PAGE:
Belmont beat Georgia, so their run still continues but the stage doesn’t seem big enough for their three seniors who won’t get to see the tournament. Good luck to Jacksonville State, and they will need that to have a chance against Louisville’s length and press.
UT Arlington (25–5 First Place in the Sun Belt)
The highest KenPom rated team out of these schools UT Arlington could have had a shot at a 13 seed if not for a shocking 30-point loss to Texas State. Who will now represent the Sun Belt as a 16 seed. To show what that switch means it is going from playing UNC to playing Butler. One of those teams is at least beatable for UT Arlington, and it isn’t UNC.
The Mavericks continued on though, beating BYU easily in the opening NIT round. With their five seniors this may be the year that they have to capitalize on this run of success, but nobody watches the NIT. Arlington does return leading scorer Kevin Hervey, but will he have enough help next year?
South Dakota (22–11 First Place in the Summit)
After being beaten by their rival South Dakota State by three in the Summit Semifinal their one senior, star Tyler Flack’s, career essentially ended. Though South Dakota couldn’t have hoped for much more than the 15 seed that the Jackrabbits ended up getting, they may have been a better representative for the Summit.
After losing their opening NIT game the Coyotes now regroup to hopefully take down their in-state rivals next year. But after a year as exciting as this one there can sometimes be a let down to follow. Goals are hard to achieve and failure can make or break a team.
The conference tournament issue is much more than about sending the best team from your conference to the tournament. It is about making money from your own tournament and the best way to generate that interest is to make it mean something. The problem is, it may mean too much.
I hope some conference decides to take the longer view, and instead of capitalizing on a small revenue on the front end of televising conference tournament games, sends the best team from their conference. Hoping to raise the entire quality of league play and capitalize on potential upsets in the tournament. For each NCAA tournament win conferences also get paid.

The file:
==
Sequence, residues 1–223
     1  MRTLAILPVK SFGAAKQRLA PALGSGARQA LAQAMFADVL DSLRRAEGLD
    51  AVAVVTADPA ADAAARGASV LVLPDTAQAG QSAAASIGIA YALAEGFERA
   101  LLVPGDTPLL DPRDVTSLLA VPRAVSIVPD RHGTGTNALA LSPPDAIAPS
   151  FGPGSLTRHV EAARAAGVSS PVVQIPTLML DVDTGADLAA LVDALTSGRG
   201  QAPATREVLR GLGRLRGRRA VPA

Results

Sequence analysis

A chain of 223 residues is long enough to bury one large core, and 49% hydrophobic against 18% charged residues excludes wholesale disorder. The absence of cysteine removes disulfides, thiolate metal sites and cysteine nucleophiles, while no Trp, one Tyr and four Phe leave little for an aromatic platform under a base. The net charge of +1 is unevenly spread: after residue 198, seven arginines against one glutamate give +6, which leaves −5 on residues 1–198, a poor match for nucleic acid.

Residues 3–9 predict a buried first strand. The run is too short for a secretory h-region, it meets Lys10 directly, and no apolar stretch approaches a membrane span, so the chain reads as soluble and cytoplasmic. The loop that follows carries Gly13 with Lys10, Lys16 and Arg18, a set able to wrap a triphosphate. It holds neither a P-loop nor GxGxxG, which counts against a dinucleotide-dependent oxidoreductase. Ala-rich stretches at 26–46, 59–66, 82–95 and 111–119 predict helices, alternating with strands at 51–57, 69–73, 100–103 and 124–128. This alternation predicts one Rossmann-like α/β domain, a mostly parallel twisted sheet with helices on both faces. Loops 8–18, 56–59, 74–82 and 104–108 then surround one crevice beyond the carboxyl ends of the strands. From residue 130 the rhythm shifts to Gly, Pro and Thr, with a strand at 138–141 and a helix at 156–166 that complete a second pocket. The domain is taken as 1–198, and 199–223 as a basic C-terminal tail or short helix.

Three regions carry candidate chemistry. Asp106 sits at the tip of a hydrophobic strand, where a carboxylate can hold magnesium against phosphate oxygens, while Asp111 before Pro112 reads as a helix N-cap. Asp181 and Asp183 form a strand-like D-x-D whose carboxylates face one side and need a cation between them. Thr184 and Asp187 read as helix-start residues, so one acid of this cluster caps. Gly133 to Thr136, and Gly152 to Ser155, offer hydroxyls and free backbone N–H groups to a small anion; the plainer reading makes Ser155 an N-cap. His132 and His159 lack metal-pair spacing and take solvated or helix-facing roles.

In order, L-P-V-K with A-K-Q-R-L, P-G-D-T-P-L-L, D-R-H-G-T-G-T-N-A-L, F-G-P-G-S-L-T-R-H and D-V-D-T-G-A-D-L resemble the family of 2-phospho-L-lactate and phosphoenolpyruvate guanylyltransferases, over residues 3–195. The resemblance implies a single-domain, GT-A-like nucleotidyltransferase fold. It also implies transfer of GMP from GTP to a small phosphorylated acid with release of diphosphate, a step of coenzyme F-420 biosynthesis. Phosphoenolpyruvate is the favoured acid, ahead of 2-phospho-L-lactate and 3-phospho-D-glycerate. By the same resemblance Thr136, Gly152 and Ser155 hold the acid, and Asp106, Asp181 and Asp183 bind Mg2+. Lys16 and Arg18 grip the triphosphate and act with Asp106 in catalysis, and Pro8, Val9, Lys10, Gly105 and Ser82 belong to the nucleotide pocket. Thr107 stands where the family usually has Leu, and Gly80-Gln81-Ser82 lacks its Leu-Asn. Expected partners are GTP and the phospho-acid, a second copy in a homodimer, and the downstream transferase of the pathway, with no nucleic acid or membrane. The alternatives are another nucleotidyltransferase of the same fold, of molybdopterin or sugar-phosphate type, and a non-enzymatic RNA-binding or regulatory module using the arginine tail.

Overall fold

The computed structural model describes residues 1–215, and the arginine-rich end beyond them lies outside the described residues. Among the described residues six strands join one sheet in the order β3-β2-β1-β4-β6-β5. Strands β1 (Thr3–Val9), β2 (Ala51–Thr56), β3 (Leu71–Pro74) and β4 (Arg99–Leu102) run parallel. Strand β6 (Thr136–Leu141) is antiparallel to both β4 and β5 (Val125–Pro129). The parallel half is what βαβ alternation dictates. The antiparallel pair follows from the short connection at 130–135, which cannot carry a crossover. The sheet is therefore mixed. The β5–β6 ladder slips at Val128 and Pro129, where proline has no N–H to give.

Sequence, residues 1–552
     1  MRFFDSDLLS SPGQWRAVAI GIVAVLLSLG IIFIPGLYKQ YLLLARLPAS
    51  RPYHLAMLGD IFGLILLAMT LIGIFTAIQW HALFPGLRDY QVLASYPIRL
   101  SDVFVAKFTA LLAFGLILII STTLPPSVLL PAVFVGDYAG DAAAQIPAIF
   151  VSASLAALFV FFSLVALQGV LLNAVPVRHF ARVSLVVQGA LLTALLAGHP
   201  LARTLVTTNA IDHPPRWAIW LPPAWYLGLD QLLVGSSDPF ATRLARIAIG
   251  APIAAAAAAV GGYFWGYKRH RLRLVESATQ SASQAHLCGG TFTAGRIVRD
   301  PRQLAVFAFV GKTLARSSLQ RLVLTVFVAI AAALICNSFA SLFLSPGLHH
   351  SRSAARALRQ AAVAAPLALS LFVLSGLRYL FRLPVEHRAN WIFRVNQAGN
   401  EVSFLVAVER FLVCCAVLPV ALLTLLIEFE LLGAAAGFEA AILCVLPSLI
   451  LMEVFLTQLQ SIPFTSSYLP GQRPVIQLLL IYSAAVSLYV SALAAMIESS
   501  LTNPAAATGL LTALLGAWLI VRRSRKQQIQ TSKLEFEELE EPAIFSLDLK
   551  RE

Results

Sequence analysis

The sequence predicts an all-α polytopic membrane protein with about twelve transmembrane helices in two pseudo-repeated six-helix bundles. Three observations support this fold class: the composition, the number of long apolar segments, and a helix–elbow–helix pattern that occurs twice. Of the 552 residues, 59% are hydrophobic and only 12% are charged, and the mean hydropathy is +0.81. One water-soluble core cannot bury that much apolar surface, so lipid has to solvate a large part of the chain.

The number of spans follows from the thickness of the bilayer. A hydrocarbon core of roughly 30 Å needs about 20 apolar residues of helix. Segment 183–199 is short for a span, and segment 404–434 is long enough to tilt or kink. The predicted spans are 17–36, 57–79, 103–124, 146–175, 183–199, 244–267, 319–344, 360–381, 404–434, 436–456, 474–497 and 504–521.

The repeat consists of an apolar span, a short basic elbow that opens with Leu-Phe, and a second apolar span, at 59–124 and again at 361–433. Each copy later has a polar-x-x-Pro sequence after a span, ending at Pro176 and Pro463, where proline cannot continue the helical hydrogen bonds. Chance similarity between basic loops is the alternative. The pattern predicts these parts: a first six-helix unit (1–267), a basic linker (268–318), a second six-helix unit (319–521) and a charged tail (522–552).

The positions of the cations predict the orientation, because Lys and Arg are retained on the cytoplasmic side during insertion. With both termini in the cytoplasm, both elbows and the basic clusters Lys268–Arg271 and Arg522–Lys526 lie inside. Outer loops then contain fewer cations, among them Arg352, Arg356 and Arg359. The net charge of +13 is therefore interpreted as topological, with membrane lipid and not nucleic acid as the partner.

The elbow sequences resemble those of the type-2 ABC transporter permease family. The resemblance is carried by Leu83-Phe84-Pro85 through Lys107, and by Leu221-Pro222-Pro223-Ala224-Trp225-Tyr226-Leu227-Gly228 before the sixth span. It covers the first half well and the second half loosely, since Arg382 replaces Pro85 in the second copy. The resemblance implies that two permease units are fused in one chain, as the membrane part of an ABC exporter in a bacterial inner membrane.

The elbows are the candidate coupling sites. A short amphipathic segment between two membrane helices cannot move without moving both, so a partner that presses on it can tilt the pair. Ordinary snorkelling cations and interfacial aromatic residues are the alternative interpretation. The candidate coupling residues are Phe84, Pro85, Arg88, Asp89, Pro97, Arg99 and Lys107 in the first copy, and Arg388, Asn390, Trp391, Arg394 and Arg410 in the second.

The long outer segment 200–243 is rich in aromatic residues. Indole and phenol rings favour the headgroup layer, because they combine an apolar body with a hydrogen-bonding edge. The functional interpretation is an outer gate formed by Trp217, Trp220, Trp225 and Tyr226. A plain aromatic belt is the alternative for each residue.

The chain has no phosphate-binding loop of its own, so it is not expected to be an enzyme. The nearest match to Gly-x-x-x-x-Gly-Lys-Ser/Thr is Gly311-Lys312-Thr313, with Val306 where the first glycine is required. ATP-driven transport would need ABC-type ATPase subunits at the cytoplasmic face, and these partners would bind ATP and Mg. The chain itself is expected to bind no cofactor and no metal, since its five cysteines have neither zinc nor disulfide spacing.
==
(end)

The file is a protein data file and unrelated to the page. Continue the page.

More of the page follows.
It is pretty difficult to find the figures of these mid-major conference TV deals, except for this breakdown on a BYU Fan Blog about the Conference USA TV deal from a year ago. Great write-up that shows that the schools themselves seem to pocket $200,000 to $300,000 each. And I would expect that to be much larger than all of the conferences mentioned in this piece. A Tournament Unit (read more about that here) is worth over 250,000 this year. Meaning that one win in the Tournament is probably worth more than two years of conference tournament television rights. And when those units begin to stack, worth way, way more.
I am a subscriber to the “longest view in the room” idea, and I hope a conference chair can convince his constituents to be too. Though it looks like we are moving the other way. The Ivy League was the last hold out to the conference tournament idea, and they too partook this year. If you convinced the Ivy’s, well then maybe I am wrong. Or maybe the fact that they held out so long should tell us about the mistake we maybe making.
When you watch the madness today, and tomorrow, and every day it continues. Remember Monmouth, Valparaiso, UT Arlington, UC Irvine, Belmont and South Dakota. Remember Conference Chairs, Tournament Units, and TV Deals. Remember the seniors who watched their athletic lives end in the name of greed. And then think about the madness, has it gotten too mad?